Improving your Credit Score so you can buy a house in San Diego
Buying a home today is not as easy as it once was. Just a few years ago virtually any credit score was good enough to qualify for a home loan. Not today. Your credit score is very important when it comes to qualifying for a home loan.
If you have a decent credit score but are looking to obtain that elusive 800 score, what steps do you need to take to improve your score? Below are just a few tips suggested to me by experts in the business.
1. Make sure the information that each of the three credit reporting bureaus has on you isconsistent and up to date. There are many different sites where you can order your credit report for free.
2. Get a credit card if you don't have one. Having and using a credit card or two can really build your scores. Make sure you make an "on time" monthly payment.
3. Add an installment loan to the mix. You'll get the fastest improvement in your scores if you show you're responsible with both major kinds of credit: revolving (credit cards) and installment (personal loans, auto, mortgages and student loans).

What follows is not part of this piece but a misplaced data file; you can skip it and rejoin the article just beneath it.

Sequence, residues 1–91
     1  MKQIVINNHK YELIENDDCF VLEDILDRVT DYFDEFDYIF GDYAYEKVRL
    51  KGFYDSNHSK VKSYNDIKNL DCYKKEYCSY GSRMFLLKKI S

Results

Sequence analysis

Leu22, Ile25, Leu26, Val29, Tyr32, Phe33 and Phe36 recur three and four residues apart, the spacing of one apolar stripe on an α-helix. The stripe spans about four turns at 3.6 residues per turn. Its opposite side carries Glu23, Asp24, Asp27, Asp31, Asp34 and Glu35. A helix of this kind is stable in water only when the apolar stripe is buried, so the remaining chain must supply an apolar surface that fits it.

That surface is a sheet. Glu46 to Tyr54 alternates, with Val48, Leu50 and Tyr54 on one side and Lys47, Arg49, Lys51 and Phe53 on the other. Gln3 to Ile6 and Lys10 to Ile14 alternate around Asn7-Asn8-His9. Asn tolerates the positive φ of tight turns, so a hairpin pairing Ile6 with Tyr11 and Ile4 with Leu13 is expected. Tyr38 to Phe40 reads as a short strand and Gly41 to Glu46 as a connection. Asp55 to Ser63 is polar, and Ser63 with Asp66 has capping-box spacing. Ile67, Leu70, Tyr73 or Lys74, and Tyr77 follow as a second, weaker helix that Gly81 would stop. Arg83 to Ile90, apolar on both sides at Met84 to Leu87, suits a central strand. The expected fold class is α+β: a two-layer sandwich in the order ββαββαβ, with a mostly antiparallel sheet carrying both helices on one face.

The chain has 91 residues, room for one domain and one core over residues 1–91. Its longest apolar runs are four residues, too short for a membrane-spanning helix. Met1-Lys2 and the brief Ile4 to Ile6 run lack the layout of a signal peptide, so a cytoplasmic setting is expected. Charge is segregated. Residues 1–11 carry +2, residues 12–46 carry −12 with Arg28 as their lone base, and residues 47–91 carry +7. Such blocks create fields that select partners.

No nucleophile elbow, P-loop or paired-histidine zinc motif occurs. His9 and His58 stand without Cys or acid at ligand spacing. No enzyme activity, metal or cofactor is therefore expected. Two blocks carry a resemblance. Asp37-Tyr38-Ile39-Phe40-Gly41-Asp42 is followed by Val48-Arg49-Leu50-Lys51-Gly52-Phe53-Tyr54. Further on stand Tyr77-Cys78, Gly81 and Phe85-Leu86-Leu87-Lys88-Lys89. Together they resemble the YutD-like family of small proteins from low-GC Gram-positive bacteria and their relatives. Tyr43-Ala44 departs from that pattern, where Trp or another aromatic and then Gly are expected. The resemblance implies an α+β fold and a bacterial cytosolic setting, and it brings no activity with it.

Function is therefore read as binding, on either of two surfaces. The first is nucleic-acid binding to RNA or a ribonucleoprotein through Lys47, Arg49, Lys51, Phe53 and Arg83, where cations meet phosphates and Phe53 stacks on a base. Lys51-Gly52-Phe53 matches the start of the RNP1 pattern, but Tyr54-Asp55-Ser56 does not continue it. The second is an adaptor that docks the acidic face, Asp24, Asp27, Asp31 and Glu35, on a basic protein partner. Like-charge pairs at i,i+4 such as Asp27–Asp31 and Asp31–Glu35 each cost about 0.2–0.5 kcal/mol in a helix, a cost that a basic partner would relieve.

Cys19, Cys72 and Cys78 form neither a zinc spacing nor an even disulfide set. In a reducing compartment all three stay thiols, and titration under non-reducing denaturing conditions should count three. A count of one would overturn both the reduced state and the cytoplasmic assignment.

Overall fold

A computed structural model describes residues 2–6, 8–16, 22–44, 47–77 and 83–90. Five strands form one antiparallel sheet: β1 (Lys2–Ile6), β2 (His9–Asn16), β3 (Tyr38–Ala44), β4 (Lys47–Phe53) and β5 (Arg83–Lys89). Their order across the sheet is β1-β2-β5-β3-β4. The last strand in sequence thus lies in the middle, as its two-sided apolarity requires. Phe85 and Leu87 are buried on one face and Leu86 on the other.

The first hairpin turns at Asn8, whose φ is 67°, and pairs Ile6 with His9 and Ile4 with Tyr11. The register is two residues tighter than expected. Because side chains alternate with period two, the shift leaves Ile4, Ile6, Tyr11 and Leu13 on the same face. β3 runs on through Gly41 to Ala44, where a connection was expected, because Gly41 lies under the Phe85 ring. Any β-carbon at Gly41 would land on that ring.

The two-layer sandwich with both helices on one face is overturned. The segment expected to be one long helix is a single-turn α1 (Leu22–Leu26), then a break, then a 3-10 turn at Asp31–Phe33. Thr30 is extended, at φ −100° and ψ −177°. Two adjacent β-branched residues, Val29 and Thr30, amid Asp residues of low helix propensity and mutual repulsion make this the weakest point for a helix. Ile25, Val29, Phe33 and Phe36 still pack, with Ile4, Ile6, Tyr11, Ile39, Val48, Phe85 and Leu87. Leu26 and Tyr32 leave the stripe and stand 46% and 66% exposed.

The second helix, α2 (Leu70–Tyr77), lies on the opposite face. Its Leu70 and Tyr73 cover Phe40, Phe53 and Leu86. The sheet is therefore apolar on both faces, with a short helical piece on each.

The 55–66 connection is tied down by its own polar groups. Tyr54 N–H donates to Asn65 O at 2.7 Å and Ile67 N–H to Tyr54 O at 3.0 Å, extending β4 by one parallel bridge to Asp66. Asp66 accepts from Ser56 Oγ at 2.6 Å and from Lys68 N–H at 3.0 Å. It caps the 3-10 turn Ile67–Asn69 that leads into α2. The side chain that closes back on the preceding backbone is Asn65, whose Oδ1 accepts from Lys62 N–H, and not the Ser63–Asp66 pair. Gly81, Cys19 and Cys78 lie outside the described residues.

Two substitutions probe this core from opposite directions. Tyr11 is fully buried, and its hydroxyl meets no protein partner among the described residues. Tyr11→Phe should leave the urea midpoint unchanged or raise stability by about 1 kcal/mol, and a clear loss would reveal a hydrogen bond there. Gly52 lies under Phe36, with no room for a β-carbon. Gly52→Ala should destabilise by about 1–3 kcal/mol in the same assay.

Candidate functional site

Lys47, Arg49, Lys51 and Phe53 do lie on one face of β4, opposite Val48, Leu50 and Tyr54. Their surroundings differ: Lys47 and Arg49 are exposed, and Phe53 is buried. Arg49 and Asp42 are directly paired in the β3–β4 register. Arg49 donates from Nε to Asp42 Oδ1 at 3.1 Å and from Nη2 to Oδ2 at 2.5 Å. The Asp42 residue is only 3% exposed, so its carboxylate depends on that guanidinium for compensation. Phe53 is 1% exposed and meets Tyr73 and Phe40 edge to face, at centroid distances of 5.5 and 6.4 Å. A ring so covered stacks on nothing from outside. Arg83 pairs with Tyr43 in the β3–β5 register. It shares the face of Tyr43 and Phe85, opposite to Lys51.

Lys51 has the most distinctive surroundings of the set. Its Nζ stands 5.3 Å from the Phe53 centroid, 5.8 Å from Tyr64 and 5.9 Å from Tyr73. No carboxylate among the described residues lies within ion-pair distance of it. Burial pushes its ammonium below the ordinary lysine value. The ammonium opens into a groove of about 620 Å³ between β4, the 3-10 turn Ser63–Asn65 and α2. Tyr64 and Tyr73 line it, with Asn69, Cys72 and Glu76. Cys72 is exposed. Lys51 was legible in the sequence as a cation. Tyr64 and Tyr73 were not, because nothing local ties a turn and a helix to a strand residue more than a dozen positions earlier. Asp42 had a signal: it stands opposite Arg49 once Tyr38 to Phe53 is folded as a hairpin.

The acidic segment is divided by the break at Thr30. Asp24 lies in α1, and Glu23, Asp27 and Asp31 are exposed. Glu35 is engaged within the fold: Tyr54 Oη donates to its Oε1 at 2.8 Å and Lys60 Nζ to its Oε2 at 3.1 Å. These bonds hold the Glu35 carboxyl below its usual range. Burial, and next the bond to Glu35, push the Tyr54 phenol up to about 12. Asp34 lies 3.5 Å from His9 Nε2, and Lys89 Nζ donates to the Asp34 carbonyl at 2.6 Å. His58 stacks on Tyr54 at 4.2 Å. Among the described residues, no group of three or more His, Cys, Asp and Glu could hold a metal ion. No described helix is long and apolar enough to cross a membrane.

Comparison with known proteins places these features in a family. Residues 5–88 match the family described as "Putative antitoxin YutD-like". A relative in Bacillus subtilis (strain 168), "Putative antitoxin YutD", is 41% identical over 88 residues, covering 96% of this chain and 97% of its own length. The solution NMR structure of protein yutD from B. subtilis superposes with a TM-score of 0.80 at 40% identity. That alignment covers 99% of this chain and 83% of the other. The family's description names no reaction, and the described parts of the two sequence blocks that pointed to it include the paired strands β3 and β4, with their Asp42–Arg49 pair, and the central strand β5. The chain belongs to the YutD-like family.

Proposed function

4. Pay down your credit cards. Lenders like to see a big gap between the amount of credit you're using and your available credit limits. Getting your balances below 30% of the credit limit on each card can really help; getting balances below 10% is even better.
5. Don't use your whole credit line every month. Your available credit is averaged over your billing cycle, which is sometimes less than 30 days. If your limit is say, $5,000 and you charge $5,000, even if you pay it off each month, your credit balance is still going to show $2,500 (a 50% usage limit), which is going to make your score plunge.
6. Dispute old negatives. Say your insurance company never paid a medical bill and now you have a collections account. You can continue protesting that the charge was unjust, or you can try disputing the account with the credit bureaus as "not mine."
These are just a few ways to improve your scores.
How is your score determined?
1. Payment history: 35 percent
2. How much you owe: 30 percent
3. Length of credit history: 15 percent
4. New credit: 10 percent
5. Types of credit: 10 percent